April 17, 2018

   by Nigel Hollis

My post about the creativity being the variable under a brand manager’s control that had the most impact on revenue prompted Phil Herr to send me the Market Research Council newsletter which details another study of advertising effectiveness. Guess what it lists as number one sales driver?

Back in January, Edward Kim Vice President, Strategy, Nielsen Catalina Solutions, presented “Five Keys to Advertising Effectiveness”. The presentation reported on the findings of over 500 studies of CPG brands conducted during 2016-2017 that sought to understand the sales contribution of five key drivers of effective advertising, including a comparison of TV versus digital. You can find the presentation here.

The MRC newsletter lists the five keys in rank order as follows, each with a subsequent comment from me:

1. CREATIVITY – This aspect of advertising continues to contribute the most to sales. TV ads tend to have higher quality creative compared to digital ones.

It should come as no surprise that creative accounts for nearly half the variation in sales. Irrespective of the merits of the two media, or the nature of the user experience, the cost to produce and air the average TV ad is significantly higher than for digital content so more diligence goes into producing something compelling for TV.

2. REACH – This factor is still influenced more by TV than by digital or other media such as print or mobile – for now! Overall, media is playing a larger role.

This is totally in keeping with Kantar Millward Brown’s CrossMedia findings. Viewing habits are evolving and clients are spending more on digital and mobile but it is still difficult to replicate the reach of TV. And one of the biggest mistakes in marketing today is limiting reach to a specific audience and excluding potential buyers.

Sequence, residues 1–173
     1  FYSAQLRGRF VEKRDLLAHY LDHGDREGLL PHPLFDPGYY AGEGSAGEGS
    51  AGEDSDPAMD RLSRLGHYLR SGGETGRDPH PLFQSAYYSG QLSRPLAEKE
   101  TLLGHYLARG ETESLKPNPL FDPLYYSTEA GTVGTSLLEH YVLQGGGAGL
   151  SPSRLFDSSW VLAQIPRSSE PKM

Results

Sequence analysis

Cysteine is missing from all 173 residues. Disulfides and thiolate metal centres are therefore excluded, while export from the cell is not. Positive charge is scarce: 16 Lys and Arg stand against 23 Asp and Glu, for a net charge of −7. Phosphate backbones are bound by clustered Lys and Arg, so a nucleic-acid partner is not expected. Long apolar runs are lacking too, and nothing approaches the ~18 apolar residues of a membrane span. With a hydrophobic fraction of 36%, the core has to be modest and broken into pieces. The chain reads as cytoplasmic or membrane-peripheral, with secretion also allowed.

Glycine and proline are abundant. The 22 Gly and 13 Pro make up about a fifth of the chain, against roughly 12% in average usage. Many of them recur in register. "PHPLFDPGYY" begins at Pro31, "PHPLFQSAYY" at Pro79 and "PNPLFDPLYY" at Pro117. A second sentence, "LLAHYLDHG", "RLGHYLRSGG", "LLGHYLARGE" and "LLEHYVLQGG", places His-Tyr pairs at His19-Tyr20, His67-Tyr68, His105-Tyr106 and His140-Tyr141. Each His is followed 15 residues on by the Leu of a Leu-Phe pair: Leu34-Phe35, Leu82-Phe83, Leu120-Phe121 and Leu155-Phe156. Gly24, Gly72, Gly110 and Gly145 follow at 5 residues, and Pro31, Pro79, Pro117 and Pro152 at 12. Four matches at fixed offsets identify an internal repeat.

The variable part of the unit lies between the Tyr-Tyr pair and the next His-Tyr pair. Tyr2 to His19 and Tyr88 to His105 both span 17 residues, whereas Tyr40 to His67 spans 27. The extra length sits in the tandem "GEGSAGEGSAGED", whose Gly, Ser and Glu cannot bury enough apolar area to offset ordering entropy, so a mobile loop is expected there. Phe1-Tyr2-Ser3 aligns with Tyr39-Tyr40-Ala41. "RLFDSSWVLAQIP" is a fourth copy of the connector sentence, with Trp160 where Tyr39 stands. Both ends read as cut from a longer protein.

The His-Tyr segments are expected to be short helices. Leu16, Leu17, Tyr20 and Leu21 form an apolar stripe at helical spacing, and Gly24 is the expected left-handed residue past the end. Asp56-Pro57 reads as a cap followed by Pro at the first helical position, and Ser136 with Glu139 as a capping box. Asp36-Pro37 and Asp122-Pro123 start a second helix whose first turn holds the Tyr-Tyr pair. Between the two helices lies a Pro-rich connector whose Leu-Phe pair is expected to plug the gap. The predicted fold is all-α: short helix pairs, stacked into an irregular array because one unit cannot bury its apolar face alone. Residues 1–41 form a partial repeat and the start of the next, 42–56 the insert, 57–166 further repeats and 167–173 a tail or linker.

3. TARGETING – Advertisers are doing a much better job today than 10 years ago, in large part due to more sophisticated data analysis and targeted programming. But many campaigns still fall short of hitting their (on-buyer) targets.

Again, this is in line with our research. One way companies can improve their targeting for brand building campaigns is to measure the campaign’s performance on target audience reach, viewability and brand metrics to inform mid-campaign optimization decisions. However, if the recommendation is suggesting advertisers only reach buyers at the moment of purchase then the advertiser loses opportunity to prime people’s purchase before they shop.

4. RECENCY – Timing ads to be closer to a purchase within a cycle can boost sales, e.g. purchase of a major appliance is less frequent and has a longer sales cycle compared to weekly consumable products such as paper goods.

Rather than simply stating that recency is good maybe marketers need to better integrate their communications across the buyer lifecycle? Brand memories influence purchase not just exposure.

5. CONTEXT – This focused on the extent to which the messages were relevant to the consumer and to the product they might purchase.

This one is a little tricky to understand from the summary but I assume that it refers to the content in which the ad appears.

According to the MRC newsletter the findings that Ed presented generated one of the more animated and active discussions among the MRC audience. I wonder why? While only representative of CPG brands the findings are consistent with a far wider set of work from different companies. How about you? Please share your thoughts.

 

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